What I’m trying to say is that EOs, like any medicine, must be treated with the respect they deserve. They are powerful medicinals and may indeed be that magic cure you’ve sought, but when used unwisely, they may do you serious harm.

 

General Guidelines

There are some general guidelines for proper, safe use of EOs. You certainly have the right and ability to violate these guidelines, but you do so at your own (or your child’s) risk. My hope is only that you would be informed so that, at the least, you’re aware of the guidelines and know that what you’re doing is potentially dangerous—basically, that if something goes wrong, it won’t be because you were uninformed and your response won’t be that ever-heartbreaking “I didn’t know.”

Dilution and Mixing

EOs are most often diffused into the air and inhaled, but may be used topically (put directly on the skin). Some people also ingest EOs.

Diffusion is the safest way to use EOs, so it’s generally the first recommendation. However, topical application is generally safe when done correctly.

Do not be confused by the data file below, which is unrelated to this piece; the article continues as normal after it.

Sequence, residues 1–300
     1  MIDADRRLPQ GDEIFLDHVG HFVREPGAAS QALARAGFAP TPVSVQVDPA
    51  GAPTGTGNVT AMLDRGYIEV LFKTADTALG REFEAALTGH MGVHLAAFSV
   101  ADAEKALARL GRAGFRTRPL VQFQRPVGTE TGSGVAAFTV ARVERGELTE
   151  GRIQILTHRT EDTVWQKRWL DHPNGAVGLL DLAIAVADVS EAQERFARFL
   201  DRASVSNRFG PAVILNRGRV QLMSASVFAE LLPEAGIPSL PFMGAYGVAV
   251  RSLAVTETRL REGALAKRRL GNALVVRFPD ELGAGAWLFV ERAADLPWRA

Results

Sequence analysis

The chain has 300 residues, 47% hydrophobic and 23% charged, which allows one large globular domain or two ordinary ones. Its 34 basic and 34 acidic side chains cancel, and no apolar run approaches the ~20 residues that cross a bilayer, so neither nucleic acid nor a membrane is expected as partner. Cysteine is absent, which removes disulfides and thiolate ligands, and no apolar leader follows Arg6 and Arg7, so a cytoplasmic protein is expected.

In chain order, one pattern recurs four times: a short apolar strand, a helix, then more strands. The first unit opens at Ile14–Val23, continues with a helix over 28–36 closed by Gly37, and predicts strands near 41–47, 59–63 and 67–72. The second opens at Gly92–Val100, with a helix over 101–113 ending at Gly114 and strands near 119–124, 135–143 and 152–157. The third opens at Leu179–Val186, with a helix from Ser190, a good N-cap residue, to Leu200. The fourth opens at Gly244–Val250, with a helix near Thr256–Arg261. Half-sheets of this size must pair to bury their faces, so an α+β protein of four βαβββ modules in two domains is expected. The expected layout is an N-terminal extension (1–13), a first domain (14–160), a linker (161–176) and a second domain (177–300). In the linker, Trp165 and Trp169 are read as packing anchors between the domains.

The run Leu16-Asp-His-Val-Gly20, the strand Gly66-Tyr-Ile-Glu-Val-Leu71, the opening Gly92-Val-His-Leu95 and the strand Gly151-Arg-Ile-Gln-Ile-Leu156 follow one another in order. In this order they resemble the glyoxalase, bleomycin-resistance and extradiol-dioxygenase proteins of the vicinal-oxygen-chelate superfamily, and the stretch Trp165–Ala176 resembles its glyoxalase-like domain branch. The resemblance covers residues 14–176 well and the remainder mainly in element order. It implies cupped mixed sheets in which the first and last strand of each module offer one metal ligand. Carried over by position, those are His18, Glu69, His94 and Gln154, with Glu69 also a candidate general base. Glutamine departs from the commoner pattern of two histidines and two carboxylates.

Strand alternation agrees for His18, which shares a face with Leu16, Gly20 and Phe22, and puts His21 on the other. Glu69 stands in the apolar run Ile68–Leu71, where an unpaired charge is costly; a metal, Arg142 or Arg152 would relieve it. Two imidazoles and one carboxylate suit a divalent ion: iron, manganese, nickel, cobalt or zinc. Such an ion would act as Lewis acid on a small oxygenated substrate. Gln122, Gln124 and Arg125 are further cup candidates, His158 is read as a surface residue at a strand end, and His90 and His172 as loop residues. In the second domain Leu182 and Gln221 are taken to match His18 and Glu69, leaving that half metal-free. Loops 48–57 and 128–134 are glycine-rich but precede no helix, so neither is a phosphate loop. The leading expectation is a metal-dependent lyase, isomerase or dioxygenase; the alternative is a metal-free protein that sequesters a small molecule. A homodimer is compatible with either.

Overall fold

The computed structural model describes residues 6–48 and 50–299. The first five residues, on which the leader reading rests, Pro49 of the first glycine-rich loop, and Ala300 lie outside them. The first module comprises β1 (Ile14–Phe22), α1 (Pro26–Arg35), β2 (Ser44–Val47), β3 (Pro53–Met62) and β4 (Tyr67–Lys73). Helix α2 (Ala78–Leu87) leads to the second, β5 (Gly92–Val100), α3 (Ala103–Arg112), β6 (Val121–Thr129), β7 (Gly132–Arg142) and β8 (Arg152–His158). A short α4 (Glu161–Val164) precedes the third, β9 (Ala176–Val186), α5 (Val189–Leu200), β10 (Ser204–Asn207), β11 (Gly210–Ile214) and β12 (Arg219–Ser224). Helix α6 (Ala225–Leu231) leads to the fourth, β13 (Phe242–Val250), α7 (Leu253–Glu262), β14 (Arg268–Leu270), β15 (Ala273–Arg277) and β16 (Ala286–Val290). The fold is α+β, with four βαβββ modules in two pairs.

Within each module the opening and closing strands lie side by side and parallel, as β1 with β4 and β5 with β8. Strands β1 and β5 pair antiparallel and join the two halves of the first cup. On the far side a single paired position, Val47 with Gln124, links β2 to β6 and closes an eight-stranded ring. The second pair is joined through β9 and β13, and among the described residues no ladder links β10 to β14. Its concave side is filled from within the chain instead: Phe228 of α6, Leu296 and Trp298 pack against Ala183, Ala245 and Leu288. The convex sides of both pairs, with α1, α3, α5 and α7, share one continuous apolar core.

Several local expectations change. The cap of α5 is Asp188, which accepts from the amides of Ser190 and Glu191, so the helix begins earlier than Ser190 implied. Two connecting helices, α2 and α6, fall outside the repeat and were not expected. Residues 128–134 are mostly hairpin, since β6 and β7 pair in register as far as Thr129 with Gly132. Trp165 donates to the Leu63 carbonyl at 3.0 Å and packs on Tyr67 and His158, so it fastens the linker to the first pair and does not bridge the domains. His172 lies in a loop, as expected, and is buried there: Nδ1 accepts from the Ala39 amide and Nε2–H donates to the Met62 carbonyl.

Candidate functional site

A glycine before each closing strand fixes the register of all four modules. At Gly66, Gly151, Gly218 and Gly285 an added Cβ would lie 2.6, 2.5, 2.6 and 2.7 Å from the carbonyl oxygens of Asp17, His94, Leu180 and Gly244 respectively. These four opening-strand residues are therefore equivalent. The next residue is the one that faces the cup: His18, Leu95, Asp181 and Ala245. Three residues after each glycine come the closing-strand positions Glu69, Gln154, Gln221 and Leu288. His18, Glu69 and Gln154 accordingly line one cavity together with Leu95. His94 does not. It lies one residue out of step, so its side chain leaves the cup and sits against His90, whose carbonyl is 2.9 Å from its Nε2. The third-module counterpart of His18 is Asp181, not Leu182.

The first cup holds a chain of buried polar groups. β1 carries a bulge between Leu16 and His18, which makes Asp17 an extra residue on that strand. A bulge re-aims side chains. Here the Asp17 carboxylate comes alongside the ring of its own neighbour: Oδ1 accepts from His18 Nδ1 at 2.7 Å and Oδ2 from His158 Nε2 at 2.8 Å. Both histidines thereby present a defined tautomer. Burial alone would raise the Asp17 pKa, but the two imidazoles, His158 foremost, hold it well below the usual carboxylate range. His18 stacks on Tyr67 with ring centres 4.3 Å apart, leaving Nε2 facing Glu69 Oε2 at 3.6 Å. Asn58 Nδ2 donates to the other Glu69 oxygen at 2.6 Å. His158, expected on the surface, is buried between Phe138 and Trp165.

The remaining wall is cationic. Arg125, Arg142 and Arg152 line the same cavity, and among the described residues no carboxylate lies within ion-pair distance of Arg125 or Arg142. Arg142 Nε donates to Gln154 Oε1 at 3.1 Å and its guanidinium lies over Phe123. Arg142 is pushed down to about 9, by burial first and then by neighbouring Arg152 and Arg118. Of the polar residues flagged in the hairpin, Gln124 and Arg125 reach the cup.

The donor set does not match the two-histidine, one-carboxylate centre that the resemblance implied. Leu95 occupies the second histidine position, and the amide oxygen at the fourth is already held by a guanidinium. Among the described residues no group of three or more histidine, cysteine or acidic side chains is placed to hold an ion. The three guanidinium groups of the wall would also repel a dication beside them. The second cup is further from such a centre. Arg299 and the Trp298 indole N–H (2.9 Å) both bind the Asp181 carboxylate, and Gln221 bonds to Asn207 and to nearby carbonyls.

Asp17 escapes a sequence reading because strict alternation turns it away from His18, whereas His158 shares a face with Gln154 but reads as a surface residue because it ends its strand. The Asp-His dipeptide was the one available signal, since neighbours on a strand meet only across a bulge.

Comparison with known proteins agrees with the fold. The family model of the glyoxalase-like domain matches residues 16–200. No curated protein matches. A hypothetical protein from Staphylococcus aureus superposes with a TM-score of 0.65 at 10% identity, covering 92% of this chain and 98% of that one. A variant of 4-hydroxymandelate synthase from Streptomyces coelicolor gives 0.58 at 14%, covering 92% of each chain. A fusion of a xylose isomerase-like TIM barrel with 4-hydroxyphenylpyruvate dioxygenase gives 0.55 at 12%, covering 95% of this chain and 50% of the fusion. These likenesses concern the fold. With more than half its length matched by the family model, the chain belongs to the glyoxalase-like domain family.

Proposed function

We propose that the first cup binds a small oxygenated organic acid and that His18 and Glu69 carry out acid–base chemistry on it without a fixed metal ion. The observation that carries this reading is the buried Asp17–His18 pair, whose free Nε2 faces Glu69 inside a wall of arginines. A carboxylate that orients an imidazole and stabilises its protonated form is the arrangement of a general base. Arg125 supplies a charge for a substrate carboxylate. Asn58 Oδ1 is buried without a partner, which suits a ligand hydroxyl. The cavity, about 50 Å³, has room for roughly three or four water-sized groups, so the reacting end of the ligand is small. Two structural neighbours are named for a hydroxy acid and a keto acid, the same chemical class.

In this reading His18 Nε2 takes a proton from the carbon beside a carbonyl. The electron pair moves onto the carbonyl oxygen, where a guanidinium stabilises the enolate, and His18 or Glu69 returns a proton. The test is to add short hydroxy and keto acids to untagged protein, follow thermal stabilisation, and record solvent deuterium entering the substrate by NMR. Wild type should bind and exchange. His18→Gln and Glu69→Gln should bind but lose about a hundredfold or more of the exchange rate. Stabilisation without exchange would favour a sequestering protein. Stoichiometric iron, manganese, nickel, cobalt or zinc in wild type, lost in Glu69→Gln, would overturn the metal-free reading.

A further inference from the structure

dilute dilute diluteWhat is the correct way to use EOs topically? Generally speaking, the correct way to use them topically is to dilute them first in a carrier oil such as coconut oil. The term “neat” refers to undiluted topical application—i.e., putting the oil directly on your skin without first diluting it by mixing it in a carrier oil. Directly applying any undiluted, concentrated substance is rarely recommended, regardless of whether you’re cooking, cleaning, or formulating/administering medications as a nurse working in a hospital setting, and the same is true of EOs. Neat application is a particularly predictive risk factor for sensitization, as mentioned above, so should be avoided if at all possible. properly dilutingNeat application is NEVER recommended for children, whose skin is far more sensitive and absorbent than that of adults and who therefore are at significantly increased risk of having reactions to topical EOs, including sensitization. Neat application is almost never indicated for adults, either. Furthermore, EOs are actually spread and absorbed better when diluted in a carrier oil, and many carrier oils have additive or synergistic effects due to their own therapeutic properties (for example, coconut oil is antiinflammatory). Therefore, EOs are generally more effective when diluted prior to topical application and are more likely to cause problems if not diluted before topical use [6,7,8,10].